Beta-blockers in older patients with heart failure and preserved ejection fraction: Class, dosage, and outcomes

Kanan Patel, Gregg C. Fonarow, O. James Ekundayo, Inmaculada B. Aban, Meredith L. Kilgore, Thomas E. Love, Dalane W. Kitzman, Mihai Gheorghiade, Richard M. Allman, Ali Ahmed*

*Corresponding author for this work

Research output: Contribution to journalArticlepeer-review

33 Scopus citations

Abstract

Background We examined the clinical effectiveness of beta-blockers considered evidenced-based to heart failure and reduced ejection fraction (HFrEF) and their recommended target doses in older adults with HF and preserved ejection fraction (HFpEF). Methods In OPTIMIZE-HF (2003-2004) linked to Medicare (2003-2008), of the 10,570 older (age ≥ 65 years, mean, 81 years) adults with HFpEF (EF ≥ 40%, mean 55%), 8373 had no contraindications to beta-blocker therapy. After excluding 4614 patients receiving pre-admission beta-blockers, the remaining 3759 patients were potentially eligible for new discharge prescriptions for beta-blockers and 1454 received them. We assembled a propensity-matched cohort of 1099 pairs of patients receiving beta-blockers and no beta-blockers, balanced on 115 baseline characteristics. Evidence-based beta-blockers for HFrEF, namely, carvedilol, metoprolol succinate, and bisoprolol and their respective guideline-recommended target doses were 50, 200, and 10 mg/day. Results During 6 years of follow-up, new discharge prescriptions for beta-blockers had no association with the primary composite endpoint of all-cause mortality or HF rehospitalization (hazard ratio, 1.03; 95% confidence interval {CI}, 0.94-1.13; p = 0.569). This association did not vary by beta-blocker evidence class or daily dose. Hazard ratios for all-cause mortality and HF rehospitalization were 0.99 (95% CI, 0.90-1.10; p = 0.897) and 1.17 (95% CI, 1.03-1.34; p = 0.014), respectively. The latter association lost significance when higher EF cutoffs of ≥ 45%, ≥ 50% and ≥ 55% were used. Conclusions Initiation of therapy with beta-blockers considered evidence-based for HFrEF and in target doses recommended for HFrEF had no association with the composite or individual endpoints of all-cause mortality or HF rehospitalization in HFpEF.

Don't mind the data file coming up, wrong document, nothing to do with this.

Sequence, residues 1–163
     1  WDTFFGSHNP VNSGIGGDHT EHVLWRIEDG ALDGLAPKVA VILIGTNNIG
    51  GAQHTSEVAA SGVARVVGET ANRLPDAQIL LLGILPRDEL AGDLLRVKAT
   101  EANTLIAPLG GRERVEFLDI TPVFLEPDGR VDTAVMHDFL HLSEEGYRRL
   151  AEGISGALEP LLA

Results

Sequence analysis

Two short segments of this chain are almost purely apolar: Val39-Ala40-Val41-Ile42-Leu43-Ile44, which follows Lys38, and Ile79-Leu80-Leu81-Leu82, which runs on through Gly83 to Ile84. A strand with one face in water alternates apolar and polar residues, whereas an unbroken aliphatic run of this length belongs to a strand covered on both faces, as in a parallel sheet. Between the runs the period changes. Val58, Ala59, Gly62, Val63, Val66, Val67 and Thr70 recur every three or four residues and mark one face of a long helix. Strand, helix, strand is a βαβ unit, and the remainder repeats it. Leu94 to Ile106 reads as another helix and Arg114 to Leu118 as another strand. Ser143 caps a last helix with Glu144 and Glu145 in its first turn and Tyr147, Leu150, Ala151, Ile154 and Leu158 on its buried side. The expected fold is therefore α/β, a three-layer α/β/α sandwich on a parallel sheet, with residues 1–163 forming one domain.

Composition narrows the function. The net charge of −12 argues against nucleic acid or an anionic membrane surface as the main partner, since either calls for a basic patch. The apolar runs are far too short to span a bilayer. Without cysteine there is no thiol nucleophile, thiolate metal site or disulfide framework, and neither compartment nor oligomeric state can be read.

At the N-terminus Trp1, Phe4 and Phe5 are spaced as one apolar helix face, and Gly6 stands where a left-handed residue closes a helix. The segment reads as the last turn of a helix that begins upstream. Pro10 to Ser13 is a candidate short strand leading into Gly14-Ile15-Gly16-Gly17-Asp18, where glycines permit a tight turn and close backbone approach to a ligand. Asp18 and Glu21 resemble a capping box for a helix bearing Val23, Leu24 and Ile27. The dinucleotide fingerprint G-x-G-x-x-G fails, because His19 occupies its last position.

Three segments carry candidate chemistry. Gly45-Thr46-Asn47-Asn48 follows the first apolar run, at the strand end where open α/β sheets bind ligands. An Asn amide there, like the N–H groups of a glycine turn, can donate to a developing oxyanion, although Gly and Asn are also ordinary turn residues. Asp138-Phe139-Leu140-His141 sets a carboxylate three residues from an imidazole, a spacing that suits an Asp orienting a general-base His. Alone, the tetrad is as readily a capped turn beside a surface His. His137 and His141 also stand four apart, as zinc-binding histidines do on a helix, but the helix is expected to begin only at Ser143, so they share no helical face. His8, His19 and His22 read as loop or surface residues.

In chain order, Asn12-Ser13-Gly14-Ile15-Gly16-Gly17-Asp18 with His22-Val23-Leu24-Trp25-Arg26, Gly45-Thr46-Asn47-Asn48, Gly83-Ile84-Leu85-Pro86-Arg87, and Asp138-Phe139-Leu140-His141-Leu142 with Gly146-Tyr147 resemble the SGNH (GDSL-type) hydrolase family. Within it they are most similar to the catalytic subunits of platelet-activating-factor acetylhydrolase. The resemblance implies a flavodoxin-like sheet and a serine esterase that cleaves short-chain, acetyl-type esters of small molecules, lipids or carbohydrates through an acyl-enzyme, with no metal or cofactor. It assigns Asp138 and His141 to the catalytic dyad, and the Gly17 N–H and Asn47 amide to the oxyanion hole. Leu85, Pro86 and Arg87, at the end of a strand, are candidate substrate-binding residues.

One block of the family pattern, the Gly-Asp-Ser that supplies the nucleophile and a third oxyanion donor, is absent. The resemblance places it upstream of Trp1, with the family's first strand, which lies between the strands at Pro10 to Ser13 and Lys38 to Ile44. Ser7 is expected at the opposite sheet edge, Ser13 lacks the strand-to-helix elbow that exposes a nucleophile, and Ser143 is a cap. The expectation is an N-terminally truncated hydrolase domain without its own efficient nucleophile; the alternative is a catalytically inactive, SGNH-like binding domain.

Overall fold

Original languageEnglish (US)
Pages (from-to)393-401
Number of pages9
JournalInternational Journal of Cardiology
Volume173
Issue number3
DOIs
StatePublished - May 15 2014

Keywords

  • Beta-blockers
  • Heart failure
  • Preserved ejection fraction

ASJC Scopus subject areas

  • Cardiology and Cardiovascular Medicine

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